Navy posthumously awards aviator and air crew wings to 3 sailors killed in Pensacola shooting

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Airman Mohammed Haitham, Ensign Joshua Watson, Airman Apprentice Cameron Walters

US Navy

The Navy has posthumously awarded aviator and aircrewman wings to three sailors killed in last week's shooting at Naval Air Station Pensacola.

"The selfless acts of heroism displayed by these young Sailors the morning of Dec. 6 are nothing short of incredible," Chief of Naval Air Training Rear Adm. Daniel Dwyer said in a statement.


"They each embody the warrior ethos we expect and require of all wingmen. There is no doubt in my mind they each would have led the charge in their respective Naval Aviation careers."

On Tuesday, Acting Navy Secretary Thomas Modly proclaimed Ensign Joshua Watson as a naval aviator, and Airman Mohammed Haitham and Airman Apprentice Cameron Walters as naval aircrewman, according to a public affairs release. The three sailors died in the Friday attack at Pensacola, where naval aviators and crewman are trained.

Dozens of others were wounded in the attack, which is being investigated by the FBI as an "act of terrorism." The suspected gunman, Saudi 2nd Lt. Mohammed Alshamrani, a foreign student in the training program, was killed by a sheriff's deputy.

Ensign Joshua Watson, a 23-year-old Naval Academy graduate, told first responders where the shooter was even after being shot multiple times, according to his brother. "He died a hero and we are beyond proud," brother Adam Watson wrote on Facebook.

Airman Mohammed Haitham, 19, who went by "Mo," was a high school track star who loved making people laugh. A commander at Pensacola told family members he died a hero, having tried to stop the shooter, according to NPR.

Airman Apprentice Cameron Walters, 21, had always dreamed of joining the Navy, according to his father. He told his father Shane, a Navy veteran himself, that he had followed in his footsteps, according to WTOC-11. "Look at me dad, I'm just like you," Walters said after graduating boot camp.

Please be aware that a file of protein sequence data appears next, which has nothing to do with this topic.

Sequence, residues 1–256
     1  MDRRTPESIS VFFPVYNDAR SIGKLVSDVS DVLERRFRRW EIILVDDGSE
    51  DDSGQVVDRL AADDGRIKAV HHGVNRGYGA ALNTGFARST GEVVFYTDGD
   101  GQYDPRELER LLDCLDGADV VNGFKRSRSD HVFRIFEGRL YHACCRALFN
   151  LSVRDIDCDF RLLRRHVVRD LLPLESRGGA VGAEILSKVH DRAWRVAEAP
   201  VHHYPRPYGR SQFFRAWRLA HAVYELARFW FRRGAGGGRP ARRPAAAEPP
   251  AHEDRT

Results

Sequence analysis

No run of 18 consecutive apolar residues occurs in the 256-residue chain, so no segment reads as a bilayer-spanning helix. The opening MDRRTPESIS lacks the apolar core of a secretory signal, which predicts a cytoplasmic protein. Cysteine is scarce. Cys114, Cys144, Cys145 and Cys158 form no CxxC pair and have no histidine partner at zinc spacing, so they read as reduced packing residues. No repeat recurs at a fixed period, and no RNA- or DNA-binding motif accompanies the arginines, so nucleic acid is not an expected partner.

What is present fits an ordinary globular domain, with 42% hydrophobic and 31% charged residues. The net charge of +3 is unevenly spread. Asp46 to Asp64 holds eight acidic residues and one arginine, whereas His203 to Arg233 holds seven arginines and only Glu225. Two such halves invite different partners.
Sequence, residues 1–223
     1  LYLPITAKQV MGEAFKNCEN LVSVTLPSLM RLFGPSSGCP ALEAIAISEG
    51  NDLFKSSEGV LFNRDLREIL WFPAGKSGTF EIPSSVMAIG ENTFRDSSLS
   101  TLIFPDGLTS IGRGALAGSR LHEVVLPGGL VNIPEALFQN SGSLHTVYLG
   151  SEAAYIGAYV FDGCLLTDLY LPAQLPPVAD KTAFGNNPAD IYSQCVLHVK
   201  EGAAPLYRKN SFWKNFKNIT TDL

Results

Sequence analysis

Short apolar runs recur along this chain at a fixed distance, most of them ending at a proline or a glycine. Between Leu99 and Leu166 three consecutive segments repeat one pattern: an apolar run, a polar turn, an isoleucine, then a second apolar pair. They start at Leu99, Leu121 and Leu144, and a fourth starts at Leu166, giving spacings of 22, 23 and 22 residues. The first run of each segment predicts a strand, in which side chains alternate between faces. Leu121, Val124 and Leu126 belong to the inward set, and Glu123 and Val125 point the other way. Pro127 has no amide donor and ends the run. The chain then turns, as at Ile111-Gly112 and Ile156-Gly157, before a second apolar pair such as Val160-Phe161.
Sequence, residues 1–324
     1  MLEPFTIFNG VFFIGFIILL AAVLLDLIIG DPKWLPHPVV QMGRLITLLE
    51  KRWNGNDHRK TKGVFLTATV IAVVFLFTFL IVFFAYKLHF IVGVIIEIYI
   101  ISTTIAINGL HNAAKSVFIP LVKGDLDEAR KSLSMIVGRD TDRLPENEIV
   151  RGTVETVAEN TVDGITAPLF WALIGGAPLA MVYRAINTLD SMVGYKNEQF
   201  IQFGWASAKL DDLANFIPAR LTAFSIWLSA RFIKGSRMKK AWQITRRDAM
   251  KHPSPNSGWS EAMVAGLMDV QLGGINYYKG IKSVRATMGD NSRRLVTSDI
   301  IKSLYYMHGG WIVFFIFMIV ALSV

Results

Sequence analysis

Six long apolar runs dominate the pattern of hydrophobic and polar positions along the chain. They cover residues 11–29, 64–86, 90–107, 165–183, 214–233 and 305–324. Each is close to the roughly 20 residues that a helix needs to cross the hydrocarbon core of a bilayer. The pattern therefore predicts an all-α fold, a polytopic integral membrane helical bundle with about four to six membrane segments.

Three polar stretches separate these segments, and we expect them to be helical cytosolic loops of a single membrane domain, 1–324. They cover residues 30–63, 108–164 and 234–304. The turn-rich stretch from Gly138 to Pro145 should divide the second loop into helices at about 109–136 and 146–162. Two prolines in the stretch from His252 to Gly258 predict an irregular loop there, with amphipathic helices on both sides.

"Ensign Watson, Airman Haitham and Airman Apprentice Walters are heroes," Vice Adm. DeWolfe H. Miller III, commander of Naval Air Forces, said in a statement. "Their actions and sacrifice embodied the competence, courage and character of those who wear Naval Aviation Wings of Gold. These wings were presented in honor of their brave actions and in everlasting memory of their sacrifice."


Soldiers from the 1-118th Field Artillery Regiment of the 48th Infantry Brigade Combat Team fire an M777 Howitzer during a fire mission in Southern Afghanistan, June 10th, 2019. (U.S. Army photo by Sgt. Jordan Trent)

Once again, the United States and the Taliban are apparently close to striking a peace deal. Such a peace agreement has been rumored to be in the works longer than the latest "Bill & Ted's Excellent Adventure" sequel. (The difference is Keanu Reeves has fewer f**ks to give than U.S. Special Representative for Afghanistan Ambassador Zalmay Khalilzad.)

Both sides appeared to be close to reaching an agreement in September until the Taliban took credit for an attack that killed Army Sgt. 1st Class Elis A. Barreto Ortiz, of the 3rd Brigade Combat Team, 82nd Airborne Division. That prompted President Donald Trump to angrily cancel a planned summit with the Taliban that had been scheduled to take place at Camp David, Maryland, on Sept. 8.